Following two relatively uniform albums, Good Humor and Sound of Water, Finisterre contains a wide mixture of sounds and styles (as would its successor Tales from Turnpike House). The album returned to the inclusion of vocal interludes between songs as last heard on their album So Tough and a more angular, electronic sound, particularly on tracks such as "Action", "Shower Scene" and "New Thing". "Language Lab" and "Summerisle" recall the ambient style of Sound of Water, while "Stop and Think It Over" would not have been out of place on Good Humor or its predecessor, Tiger Bay.
The vocal interludes were supplied by Michael Jayston's narration as featured in the film released to accompany the album, also called Finisterre. The film was directed by Paul Kelly and Kieran Evans and was born out of visuals used to accompany certain tracks from the album shown during their live shows. The film debuted at a sold-out show in October 2002 at the Royal Festival Hall on London's Southbank, and was re-released to select screens in 2005. It is currently available on DVD. The album sleeve features a photograph of the East London tower blockRonan Point shortly after it collapsed in 1968 with the loss of four lives.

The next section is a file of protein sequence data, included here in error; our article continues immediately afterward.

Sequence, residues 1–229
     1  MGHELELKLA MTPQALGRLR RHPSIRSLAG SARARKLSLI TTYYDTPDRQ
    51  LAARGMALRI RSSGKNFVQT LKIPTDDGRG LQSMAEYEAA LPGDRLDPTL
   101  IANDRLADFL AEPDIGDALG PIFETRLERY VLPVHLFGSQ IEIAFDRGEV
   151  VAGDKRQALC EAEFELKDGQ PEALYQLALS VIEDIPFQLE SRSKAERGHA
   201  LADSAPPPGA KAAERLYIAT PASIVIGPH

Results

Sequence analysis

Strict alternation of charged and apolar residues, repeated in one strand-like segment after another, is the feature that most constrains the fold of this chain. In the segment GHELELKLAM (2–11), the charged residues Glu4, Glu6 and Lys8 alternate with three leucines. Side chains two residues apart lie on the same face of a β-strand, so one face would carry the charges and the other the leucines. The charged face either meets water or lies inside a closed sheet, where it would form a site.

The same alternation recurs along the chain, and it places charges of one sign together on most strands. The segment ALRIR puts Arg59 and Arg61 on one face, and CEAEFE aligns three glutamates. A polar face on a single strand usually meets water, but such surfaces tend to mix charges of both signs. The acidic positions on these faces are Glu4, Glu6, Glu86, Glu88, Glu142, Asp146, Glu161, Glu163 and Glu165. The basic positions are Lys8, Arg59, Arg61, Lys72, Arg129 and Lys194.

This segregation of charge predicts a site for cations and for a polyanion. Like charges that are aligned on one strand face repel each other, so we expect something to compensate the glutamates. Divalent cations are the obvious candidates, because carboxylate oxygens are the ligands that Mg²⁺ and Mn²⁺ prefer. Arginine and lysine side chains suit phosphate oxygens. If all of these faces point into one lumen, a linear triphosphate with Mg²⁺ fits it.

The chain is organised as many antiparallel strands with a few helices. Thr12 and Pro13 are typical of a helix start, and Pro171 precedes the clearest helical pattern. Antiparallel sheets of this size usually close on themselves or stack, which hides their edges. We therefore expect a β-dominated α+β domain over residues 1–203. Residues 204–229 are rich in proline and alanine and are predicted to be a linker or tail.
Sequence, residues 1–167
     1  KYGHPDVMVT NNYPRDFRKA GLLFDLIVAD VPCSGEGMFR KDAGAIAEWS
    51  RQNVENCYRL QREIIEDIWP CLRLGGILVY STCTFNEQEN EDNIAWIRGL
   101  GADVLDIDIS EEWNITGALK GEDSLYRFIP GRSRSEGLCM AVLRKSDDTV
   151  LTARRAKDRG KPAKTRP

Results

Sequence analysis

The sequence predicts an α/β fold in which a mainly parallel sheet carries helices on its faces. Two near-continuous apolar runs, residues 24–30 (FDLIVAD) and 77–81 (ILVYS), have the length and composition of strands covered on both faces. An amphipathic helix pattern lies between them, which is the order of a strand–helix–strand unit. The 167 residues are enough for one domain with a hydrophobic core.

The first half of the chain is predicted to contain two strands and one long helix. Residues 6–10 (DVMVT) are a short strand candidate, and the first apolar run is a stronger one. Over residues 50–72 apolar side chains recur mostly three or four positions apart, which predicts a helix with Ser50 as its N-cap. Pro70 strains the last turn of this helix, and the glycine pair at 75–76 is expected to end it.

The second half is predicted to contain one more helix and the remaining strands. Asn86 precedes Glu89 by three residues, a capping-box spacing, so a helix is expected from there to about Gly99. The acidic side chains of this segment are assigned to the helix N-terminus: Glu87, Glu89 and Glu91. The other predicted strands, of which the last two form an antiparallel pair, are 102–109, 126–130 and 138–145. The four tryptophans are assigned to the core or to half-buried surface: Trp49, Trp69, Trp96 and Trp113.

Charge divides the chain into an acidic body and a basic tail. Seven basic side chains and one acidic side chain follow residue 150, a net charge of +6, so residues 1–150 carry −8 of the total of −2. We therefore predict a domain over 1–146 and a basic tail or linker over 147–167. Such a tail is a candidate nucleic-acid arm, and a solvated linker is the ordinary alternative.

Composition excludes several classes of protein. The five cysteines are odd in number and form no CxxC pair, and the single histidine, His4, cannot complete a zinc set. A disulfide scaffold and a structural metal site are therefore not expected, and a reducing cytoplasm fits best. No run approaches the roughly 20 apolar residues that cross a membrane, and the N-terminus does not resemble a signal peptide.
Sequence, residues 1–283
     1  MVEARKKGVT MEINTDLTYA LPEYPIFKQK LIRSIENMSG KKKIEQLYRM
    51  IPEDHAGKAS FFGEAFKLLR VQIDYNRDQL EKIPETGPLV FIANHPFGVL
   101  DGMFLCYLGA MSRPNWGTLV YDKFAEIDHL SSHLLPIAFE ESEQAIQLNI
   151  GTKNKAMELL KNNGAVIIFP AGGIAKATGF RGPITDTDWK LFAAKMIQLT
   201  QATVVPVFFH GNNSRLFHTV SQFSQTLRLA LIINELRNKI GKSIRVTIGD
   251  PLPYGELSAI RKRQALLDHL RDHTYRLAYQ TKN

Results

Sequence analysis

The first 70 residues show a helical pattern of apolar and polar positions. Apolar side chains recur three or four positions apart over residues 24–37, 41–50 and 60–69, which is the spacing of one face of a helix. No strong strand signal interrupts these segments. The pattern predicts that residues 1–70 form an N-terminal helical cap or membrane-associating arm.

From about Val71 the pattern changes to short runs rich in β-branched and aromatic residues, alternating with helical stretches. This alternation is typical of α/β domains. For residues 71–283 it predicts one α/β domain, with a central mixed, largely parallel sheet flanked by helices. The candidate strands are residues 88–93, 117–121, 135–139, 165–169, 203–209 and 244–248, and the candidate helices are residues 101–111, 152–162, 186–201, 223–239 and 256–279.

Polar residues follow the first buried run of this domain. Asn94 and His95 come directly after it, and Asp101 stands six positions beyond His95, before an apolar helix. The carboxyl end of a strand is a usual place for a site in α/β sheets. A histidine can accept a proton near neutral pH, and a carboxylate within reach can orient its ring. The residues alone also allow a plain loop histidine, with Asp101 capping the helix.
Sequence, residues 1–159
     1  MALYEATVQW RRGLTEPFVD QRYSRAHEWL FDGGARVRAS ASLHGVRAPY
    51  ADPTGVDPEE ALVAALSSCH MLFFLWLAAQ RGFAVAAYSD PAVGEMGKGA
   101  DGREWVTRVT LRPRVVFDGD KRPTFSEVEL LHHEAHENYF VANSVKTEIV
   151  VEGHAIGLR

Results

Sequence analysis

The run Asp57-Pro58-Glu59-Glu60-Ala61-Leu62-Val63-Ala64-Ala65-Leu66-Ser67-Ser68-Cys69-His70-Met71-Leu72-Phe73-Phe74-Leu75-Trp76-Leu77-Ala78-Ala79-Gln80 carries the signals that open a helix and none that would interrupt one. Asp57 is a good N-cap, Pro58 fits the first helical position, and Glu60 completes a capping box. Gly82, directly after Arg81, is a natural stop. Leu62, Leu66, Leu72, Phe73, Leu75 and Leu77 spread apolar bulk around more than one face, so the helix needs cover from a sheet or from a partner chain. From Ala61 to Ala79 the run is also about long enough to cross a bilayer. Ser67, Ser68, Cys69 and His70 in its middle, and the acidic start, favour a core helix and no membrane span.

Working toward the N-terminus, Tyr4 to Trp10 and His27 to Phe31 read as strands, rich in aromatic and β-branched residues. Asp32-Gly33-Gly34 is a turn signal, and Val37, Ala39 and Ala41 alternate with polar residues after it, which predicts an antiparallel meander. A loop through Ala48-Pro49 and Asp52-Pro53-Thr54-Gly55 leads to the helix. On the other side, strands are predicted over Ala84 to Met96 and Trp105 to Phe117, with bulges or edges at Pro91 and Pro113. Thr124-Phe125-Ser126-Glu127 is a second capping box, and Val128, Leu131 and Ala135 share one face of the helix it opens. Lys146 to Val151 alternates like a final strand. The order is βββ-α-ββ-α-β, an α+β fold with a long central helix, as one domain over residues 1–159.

Nitsuh Abebe of Pitchfork Media scored the album 7.6 out of ten and wrote that "[t]he big comeback on Finisterre's part is that they're tugging those strings again, confidently", citing "B92" as a highligh. However, Abebe criticised "Action" and "New Thing" as "just begging for the bigger kick drums that would turn them into flat-out stompers."
Previously unreleased tracks are "So Mystified", "White Dress", "Stop and Think It Over" (Kid Loco Mix). "There There My Brigadier" was never released commercially, but given away on a promotional single at a Doctor Who convention in 2003 for a later-abandoned album of Dr Who-related remixes.